"As a kid, I was really ugly. I'm not surprised I got bullied. I never used to smile because I smashed my front teeth when I was younger - I was on my bike when I was 11 and a car hit me. The nerves had gone, so I had black teeth at the front."

While she says some people assume she's not very bright, she left school with a string of GCSEs and A-Levels and studied primary education at York St John University.

She admits her love of fake tan, make-up and beauty regimes has extended to some cosmetic enhancements, with lip-fillers and veneers - "I had fillers to enhance my top lip, just so I could smile. I might have it done again for my birthday" - but dismisses reports she's having a breast-reduction.

"I'm hoping that, when I lose weight, they will reduce a little bit naturally. I haven't got any piercings, or tattoos, so I can't imagine going for a serious operation like that. I'm such a wimp when it comes to pain. I can't ever see myself getting a boob reduction. I'm now a 32G, and in an ideal world, I'd be a 32D."

She's also nervous about Botox because she had Bell's palsy (a condition which causes temporary weakness or paralysis down one side of the face) when she was 11, shortly after her bike accident.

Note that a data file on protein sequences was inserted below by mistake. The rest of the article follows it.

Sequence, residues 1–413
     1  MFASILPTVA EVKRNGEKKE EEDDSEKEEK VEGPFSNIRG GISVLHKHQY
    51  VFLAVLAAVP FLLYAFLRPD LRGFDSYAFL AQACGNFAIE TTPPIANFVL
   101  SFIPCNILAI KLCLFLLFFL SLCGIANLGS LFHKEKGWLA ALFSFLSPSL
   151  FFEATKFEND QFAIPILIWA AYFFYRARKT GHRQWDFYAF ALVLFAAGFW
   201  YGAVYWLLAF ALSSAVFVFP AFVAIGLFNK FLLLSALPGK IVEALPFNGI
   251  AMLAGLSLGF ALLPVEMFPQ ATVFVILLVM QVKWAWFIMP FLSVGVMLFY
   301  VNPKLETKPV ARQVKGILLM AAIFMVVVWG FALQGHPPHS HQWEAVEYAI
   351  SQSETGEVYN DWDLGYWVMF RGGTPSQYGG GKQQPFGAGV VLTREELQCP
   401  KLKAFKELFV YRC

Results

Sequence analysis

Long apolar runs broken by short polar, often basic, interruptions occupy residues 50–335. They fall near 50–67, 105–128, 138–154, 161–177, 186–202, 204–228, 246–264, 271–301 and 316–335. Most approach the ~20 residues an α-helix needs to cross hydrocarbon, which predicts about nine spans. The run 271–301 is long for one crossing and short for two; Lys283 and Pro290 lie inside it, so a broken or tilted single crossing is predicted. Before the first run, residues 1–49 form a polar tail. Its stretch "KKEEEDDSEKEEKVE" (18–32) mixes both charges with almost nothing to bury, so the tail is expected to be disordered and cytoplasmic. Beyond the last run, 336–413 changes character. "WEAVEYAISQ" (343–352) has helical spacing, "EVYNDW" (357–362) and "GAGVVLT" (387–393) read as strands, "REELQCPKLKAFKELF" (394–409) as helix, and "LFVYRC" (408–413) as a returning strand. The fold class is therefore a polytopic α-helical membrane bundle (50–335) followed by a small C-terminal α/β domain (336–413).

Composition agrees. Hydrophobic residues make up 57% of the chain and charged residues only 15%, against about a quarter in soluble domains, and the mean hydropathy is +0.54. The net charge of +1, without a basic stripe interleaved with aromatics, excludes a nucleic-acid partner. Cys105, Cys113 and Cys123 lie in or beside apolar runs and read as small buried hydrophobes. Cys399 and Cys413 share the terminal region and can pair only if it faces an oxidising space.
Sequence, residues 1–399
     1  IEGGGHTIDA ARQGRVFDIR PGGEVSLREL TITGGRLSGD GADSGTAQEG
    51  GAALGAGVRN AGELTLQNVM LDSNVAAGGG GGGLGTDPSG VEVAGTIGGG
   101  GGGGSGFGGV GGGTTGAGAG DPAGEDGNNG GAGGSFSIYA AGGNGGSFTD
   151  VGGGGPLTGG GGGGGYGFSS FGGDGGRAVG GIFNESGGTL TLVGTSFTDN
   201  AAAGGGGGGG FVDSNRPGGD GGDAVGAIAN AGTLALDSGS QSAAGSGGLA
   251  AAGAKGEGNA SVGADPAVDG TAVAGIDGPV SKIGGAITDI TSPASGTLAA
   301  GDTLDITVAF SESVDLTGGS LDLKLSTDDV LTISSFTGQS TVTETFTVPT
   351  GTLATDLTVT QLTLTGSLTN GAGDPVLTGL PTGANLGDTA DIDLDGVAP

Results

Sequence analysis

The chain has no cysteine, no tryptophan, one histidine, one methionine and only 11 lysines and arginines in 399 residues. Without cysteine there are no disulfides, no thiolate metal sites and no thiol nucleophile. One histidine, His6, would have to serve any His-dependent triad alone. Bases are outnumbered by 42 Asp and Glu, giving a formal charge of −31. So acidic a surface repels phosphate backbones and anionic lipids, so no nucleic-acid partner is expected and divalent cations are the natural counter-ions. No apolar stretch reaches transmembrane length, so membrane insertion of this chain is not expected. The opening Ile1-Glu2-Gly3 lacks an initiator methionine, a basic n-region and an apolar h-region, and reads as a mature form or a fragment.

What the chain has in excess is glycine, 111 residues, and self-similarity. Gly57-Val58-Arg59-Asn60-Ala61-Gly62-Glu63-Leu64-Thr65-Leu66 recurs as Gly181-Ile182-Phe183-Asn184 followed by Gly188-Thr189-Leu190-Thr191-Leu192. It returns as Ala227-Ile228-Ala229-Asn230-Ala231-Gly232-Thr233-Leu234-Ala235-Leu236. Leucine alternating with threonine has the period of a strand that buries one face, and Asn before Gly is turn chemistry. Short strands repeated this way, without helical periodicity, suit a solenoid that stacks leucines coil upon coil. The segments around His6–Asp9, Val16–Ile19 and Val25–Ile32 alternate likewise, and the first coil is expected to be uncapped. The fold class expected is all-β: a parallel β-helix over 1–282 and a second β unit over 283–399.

"I was doing a performance for my mum and dad - I used to put on little shows for them - when all of a sudden, my mouth just drooped and I remember standing in front of the mirror and just screaming. My eye dropped, I couldn't speak properly, I got all slurred, and my mum and dad thought I was putting it on.

"I was screaming so loud to try to get my mouth to go straight. I burst into tears and then they realised. It was awful."

She believes it's had some lasting effects, although steroid treatment helped initially.

"I can't close my left eye properly. I have to sleep with a little eye mask and my mouth still goes to the side when I talk, although people don't really notice.

"Sometimes if I'm tired, my left eye feels a little bit twitchy, but I don't get pain or slur my words. I don't feel sorry for myself, as there are so many worse afflictions people can get."

Last year, she moved to a flat in Newcastle, a short walk from Capital North East radio station, where she co-presents the breakfast show. It's her dream job, although she's still continuing with Gogglebox, returning home twice a week to watch telly with her parents for the cameras.

"I get a lot of people my age coming up to me and saying that I've made it cool again to be with your mum and dad. I'm not saying, 'Be The Brady Bunch', but it's nice to spend time with your family."

She's currently single, preferring not to try and find her perfect match through internet dating. The one time she went on Tinder, she reveals with a laugh, she set her distance to within 40km - but only three lads put themselves forward.

"Even five years ago, dating was a lot easier. People just went out and spoke to you, whereas now it's all online, flirting through seeing each other's pictures. No one just says, 'I like you', anymore."

Scarlett Says by Scarlett Moffatt is published by Boxtree, priced £14.99 by Scribe